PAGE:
Susan Page: Meanwhile we heard from General Odierno who's the US commander in Iraq about troop levels. Barbara, what did he say about when more Americans could come home?
Barbara Slavin: Well, he had a pretty optimistic report and one thing also is good. Apparently, civilian casualties are down for Iraq in this month. After a pretty horrific -- rather in September compared to August when there was horrific bombings. That seems to have stopped. At least for now, or at least it is less than it was. So Odierno, is saying he can bring back an additional 4,000 troops by the end of the year that he hadn't expected [C.I. note, as he said to Congress Wednesday and he declared at the Pentagon yesterday this so-called 'addtional troops' was already planned -- it was also already announced.]. There are about 124,000 troops in Iraq right now so that would still bring the US down to about 120,000.
We're stopping there on Barabra and Odierno. Where she's getting her information, I do not know. I was at the hearing and I was even at the press conference. We've reported what Odierno said. I don't make a point to disagree when we do the transcripts but she's getting her information from where? She wasn't present and she's completely heard wrong. Did Odierno give an optimistic view to the US Congress? That's a judgment call. And if you're just going by the prepared statement (prepared by him and the White House) you are correct. But if you were actually at the hearing of the House Armed Forces Committee and you heard the testimony from Odierno, you know the general did issue qualifiers. Of course for the public to know that, it would require the press cover it. There were very few members of the press at the hearing. And that number thinned significantly by 30 minutes into the hearing. I'm not calling Barbara a liar. Nor do I believe she meant to spin Odierno's testimony. But she does not know what he said. And she's as uninformed on that as anyone dependant upon the press because the press did not report on Odierno's testimony. To do that, they would have been required to have been present and if I get in a really nasty mood about this topic, I may start naming the people who had bylines on 'reports' about the hearing but they weren't actually present.
No offense to Barbara Slavin and, repeating, I am not accusing of her lying or attempting to shade or spin the truth. I am stating the press reports she's relying to be informed are inaccurate. Odierno repeatedly stressed that he did have the power to speed up . . . and he did have the power to slow down. Reporters (reporting on the hearing) intentionally lied or just heard what they wanted to. As someone who takes notes throughout any hearing (sometimes just to stay awake), I know what was said. I know his qualifiers, I know when he squirmed, I know his nervous tic when he doesn't want to answer a question fully. And anyone present for the entire hearing -- his first Congressional appearance as the top US commander in Iraq -- would know those things to. However, most of the press corp skipped it and the few that showed thinned out by the first half-hour. (Added: You can stream the entire thing online at the committee website here. I've called a staffer to make sure my impressions weren't me being off the wall. No, his qualifiers were very clear.)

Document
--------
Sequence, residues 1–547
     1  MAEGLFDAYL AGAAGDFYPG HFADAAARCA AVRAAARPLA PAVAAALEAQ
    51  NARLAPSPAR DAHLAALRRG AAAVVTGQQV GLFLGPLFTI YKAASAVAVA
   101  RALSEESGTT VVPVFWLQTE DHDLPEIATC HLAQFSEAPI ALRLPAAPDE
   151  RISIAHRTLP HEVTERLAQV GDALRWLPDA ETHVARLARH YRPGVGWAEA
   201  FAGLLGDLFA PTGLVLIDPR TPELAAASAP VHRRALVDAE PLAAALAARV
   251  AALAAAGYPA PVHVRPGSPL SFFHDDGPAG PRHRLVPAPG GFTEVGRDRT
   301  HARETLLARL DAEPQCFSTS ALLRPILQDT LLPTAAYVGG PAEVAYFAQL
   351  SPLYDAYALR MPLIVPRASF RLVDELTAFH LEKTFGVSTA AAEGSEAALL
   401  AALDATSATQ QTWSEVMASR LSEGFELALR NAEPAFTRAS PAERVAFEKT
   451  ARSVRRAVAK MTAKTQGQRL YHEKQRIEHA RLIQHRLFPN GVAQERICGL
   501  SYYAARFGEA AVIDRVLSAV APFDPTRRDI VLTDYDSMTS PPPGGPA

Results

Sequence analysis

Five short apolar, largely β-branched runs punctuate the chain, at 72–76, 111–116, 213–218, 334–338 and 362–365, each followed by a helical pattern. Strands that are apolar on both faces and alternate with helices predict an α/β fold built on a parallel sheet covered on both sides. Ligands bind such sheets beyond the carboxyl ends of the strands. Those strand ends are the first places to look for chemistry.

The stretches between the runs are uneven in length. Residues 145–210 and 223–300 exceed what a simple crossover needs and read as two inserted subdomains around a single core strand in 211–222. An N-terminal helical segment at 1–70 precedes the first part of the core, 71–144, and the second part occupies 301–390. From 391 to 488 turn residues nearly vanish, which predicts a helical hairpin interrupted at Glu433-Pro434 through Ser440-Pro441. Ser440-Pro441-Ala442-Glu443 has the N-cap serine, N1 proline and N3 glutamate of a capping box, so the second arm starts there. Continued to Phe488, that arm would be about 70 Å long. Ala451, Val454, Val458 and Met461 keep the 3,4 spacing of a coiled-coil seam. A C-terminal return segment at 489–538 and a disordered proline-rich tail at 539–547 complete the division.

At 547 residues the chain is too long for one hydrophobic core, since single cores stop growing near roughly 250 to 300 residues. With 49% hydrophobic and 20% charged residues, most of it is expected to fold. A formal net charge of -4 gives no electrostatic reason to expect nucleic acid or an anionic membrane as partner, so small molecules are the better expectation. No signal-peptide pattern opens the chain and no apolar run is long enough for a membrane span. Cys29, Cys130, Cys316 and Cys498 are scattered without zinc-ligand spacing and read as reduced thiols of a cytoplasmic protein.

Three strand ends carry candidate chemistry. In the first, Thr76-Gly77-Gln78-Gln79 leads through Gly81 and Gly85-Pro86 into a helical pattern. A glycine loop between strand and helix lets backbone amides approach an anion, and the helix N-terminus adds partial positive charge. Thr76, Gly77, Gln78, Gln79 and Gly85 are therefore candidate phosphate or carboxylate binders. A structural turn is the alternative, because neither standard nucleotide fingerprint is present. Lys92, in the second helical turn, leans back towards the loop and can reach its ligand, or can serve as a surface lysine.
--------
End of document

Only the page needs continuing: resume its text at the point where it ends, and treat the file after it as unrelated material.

Susan Page: Although 50,000 troops still is a significant presence there.
Barbara Slavin: It is, but you know, most of these people will be trainers, will be sort of working in liason capacity with Iraqis and the Iraqis are very much taking the lead now on -- on policing their own country.
Barbara's second remarks quoted in full? I don't agree with them at all. I'm not going to comment on them. She's entitled to her opinion. But the point prior to that, of cutting off her response, wasn't that I was disagreeing. It was that the observations she was offering were incorrect. They were based on the (limited) press coverage (of the first minutes of the hearing -- often due to the fact that Odierno's opening remarks were distributed to the press). The press coverage was incorrect. I am not going to allow that to appear here without noting it was wrong. I could have been at home, I could be traveling (for fun), anything. Instead, I was -- Kat, Ava, Wally and I were -- in that hearing from the start to the end. We know what happened and we know the press didn't report it accurately. If I had to waste my time, I'm not going to further waste my time by having my already wasted time further wasted by allowing a 'recounting' of events when the summary is completely incorrect. Repeating, I am not calling Barara a liar or stating she was attempting to deceive. I am stating she was wrong and her errors are from the (limited) press coverage.